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Institut de minéralogie, de physique des matériaux et de cosmochimie
UMR 7590 - Sorbonne Université/CNRS/MNHN/IRD

Séminaire/Seminar - Planetary differentiation studied by in situ time-resolved X-ray diagnostics - Guillaume Morard

Vendredi 8 septembre 2023 à 14 h

IMPMC - Sorbonne Université - 4 place Jussieu - 75005 Paris - Barre 22-23, 4e étage, salle 401 

Guillaume Morard, chercheur à l'ISTerre (Grenoble)

Abstract

Understanding the mechanisms and chemistry in play in the deep Earth without direct rock samples is a strong motivation to study the physical properties and phase relations of materials constituting our planetary interior. 

As it formed, the Earth experienced a molten state as a result of large impacts, accretional energy and the contribution of short-lived radio-nuclides. This fully molten stage in planetary accretion, the so-called Magma Ocean (Tonks and Melosh, 1993), has strong implications for the subsequent evolution of the planet, from internal processes such as mantle convection and plate tectonics, up to the distribution of chemical elements, and notably the distribution of volatiles between the atmosphere and the interior of the planet (Elkins-Tanton, 2012), and may be different on Venus or other planets. The Earth then formed a differentiated structure, with a rocky mantle and metallic core, which is common among Earth-like planets and asteroids in the solar system. Past differentiation, as the solidification process starts upon cooling, the mechanical properties of the solid in coexistence with the liquid are required to constrain the heat dissipation related to orbital resonances, core-mantle differentiation mechanisms, and the long-term evolution of a mantle heat over the core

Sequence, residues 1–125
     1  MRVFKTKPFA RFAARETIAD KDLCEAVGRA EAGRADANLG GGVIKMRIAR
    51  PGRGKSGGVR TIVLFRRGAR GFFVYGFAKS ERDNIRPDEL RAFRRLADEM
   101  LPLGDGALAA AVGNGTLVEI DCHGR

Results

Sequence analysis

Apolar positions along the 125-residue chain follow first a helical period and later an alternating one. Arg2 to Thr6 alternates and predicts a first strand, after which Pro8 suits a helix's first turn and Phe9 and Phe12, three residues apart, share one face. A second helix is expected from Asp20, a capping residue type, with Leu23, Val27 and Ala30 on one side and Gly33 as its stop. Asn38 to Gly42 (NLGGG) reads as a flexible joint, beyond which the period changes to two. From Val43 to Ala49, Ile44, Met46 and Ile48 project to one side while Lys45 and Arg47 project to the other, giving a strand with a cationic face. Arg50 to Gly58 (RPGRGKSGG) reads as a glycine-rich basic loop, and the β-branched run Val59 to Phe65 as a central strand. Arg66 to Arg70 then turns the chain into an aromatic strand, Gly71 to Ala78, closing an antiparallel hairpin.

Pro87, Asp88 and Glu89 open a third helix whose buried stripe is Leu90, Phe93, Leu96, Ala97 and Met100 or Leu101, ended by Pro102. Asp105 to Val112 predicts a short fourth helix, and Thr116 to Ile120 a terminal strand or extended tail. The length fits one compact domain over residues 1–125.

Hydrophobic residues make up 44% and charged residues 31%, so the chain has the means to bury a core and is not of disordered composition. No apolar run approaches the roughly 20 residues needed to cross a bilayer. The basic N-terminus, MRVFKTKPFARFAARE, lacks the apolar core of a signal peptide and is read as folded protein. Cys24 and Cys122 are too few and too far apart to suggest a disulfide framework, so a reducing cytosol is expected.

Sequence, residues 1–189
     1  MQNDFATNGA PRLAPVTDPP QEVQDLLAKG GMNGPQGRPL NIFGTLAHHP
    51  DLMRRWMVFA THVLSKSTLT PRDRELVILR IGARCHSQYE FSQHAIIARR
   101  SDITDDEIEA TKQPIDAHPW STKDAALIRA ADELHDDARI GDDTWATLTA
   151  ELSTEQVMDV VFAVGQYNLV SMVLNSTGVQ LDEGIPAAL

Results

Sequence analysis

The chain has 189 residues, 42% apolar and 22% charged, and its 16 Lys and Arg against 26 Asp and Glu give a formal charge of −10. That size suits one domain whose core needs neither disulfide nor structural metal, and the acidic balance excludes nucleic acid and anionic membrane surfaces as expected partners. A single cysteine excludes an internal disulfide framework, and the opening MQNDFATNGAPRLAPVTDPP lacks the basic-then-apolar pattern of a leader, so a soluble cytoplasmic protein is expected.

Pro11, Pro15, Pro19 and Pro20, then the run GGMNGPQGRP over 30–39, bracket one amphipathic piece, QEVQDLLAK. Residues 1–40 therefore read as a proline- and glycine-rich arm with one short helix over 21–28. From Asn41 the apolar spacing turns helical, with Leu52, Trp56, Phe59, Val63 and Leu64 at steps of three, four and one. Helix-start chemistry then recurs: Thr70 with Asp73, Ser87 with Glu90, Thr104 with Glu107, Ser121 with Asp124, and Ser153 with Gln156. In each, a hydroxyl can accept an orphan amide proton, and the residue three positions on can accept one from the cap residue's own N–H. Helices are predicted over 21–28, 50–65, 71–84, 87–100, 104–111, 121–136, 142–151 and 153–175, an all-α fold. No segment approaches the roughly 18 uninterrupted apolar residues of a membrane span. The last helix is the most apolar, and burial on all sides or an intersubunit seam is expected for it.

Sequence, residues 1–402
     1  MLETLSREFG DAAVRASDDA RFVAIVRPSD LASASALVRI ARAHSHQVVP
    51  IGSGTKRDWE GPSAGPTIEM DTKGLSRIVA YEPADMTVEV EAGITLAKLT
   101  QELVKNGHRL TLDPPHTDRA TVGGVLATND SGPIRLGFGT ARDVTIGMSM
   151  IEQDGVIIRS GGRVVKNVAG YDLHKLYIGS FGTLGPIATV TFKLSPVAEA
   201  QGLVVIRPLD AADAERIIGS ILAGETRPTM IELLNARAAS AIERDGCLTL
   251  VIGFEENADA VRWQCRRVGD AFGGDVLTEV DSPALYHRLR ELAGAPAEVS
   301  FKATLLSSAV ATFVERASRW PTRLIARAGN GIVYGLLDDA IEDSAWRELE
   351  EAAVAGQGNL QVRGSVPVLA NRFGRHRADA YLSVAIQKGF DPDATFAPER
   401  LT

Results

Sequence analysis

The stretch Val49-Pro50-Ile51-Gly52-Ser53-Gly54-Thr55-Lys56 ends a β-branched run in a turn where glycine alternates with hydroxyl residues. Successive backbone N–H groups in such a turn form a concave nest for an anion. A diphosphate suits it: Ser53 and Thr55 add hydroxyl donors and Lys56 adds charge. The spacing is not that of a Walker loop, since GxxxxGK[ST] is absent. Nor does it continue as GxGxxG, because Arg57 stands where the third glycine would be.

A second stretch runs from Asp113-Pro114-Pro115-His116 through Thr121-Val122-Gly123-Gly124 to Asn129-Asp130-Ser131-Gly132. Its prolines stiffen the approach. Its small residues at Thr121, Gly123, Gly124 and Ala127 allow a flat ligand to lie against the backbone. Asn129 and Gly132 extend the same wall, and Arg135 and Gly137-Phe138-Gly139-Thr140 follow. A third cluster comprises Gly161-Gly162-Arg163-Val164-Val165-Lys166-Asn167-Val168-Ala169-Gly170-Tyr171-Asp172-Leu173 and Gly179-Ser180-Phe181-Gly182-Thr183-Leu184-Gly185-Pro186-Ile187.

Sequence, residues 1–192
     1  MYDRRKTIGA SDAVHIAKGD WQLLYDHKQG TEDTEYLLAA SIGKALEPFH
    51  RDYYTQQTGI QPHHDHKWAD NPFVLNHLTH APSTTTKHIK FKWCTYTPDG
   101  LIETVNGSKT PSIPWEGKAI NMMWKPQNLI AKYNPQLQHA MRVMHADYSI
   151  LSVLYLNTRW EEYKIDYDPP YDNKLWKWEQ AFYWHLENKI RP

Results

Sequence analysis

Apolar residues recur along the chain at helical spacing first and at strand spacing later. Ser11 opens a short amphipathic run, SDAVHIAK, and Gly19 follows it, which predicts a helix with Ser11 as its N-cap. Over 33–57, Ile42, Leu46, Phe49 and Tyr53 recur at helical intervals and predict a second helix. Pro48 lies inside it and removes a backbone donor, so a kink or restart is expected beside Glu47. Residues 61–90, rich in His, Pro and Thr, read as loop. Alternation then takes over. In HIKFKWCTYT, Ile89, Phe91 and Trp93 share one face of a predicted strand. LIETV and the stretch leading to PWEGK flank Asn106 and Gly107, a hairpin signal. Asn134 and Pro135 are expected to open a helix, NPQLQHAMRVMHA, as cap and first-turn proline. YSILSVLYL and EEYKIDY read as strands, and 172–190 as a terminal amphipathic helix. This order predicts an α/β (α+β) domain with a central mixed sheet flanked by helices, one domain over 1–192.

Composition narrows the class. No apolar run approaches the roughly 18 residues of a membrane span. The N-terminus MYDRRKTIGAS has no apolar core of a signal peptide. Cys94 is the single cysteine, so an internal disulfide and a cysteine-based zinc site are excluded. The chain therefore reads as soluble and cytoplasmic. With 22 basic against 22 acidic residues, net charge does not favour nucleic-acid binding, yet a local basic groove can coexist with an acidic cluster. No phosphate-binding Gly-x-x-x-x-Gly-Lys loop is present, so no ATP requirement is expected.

Conventional static compression using Diamond Anvil Cell recently allowed in situ X-ray diagnostics for samples over 500 GPa (Dewaele et al., 2018), albeit at ambient temperature. In addition, dynamic compression driven by high-power lasers easily reach pressures over 500 GPa and temperature over 10 000 K for geomaterials. Until recently, however, conventional diagnostics for laser-driven shock compression experiments were limited to optical measurement of pyrometry and velocimetry. The advent of new X-ray sources, such as Free Electron Laser (FEL) or upgraded synchrotrons (such as the Extremely Brilliant Source (EBS) upgrade at ESRF available since September 2020), opens a favorable window to develop new diagnostics or rethink the existing experimental programs. Indeed, the high brilliance of these new X-ray sources offers the possibility of unprecedented time-resolved in situ X-ray diagnostics, allowing to track high P-T processes at the nanosecond (ns) to microsecond (µs) timescales. Preventing chemical migration, contamination or grain growth, these diagnostics can now be coupled with dynamic or static compression, to unravel the structure and mechanical properties of geomaterials over a wide density range. 

 

References

Dewaele, A., Loubeyre, P., Occelli, F., Marie, O., Mezouar, M., 2018. Toroidal diamond anvil cell for detailed measurements under extreme static pressures. Nat. Commun. 9, 1–9. https://doi.org/10.1038/s41467-018-05294-2

Elkins-Tanton, L.T., 2012. Magma Oceans in the Inner Solar System. Annu. Rev. Earth Planet. Sci. 40, 113–139. https://doi.org/10.1146/annurev-earth-042711-105503

Tonks, W.B., Melosh, H.J., 1993. Magma ocean formation due to giant impacts. J. Geophys. Res. Planets 98, 5319–5333. https://doi.org/10.1029/92JE02726

30/08/23

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